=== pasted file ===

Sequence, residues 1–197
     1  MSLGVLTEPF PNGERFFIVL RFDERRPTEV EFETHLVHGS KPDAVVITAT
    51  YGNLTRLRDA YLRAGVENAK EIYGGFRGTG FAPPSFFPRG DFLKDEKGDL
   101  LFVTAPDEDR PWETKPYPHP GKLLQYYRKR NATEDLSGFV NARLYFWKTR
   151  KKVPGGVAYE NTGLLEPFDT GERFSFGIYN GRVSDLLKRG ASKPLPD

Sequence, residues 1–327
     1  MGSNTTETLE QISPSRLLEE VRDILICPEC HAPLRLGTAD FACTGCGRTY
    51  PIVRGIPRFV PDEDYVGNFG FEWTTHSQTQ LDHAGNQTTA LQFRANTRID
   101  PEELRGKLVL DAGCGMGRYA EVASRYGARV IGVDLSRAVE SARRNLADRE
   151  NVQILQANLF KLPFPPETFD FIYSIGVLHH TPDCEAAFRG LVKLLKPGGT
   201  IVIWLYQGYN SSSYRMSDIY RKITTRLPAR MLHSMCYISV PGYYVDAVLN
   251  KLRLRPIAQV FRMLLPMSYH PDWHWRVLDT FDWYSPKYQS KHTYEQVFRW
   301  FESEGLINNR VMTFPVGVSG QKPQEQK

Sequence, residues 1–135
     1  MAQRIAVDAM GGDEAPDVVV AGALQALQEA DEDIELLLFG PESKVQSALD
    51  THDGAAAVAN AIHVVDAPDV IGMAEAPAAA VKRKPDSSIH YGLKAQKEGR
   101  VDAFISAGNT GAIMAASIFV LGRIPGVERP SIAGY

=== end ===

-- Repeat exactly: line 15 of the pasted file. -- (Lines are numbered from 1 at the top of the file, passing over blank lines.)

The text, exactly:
     1  MAQRIAVDAM GGDEAPDVVV AGALQALQEA DEDIELLLFG PESKVQSALD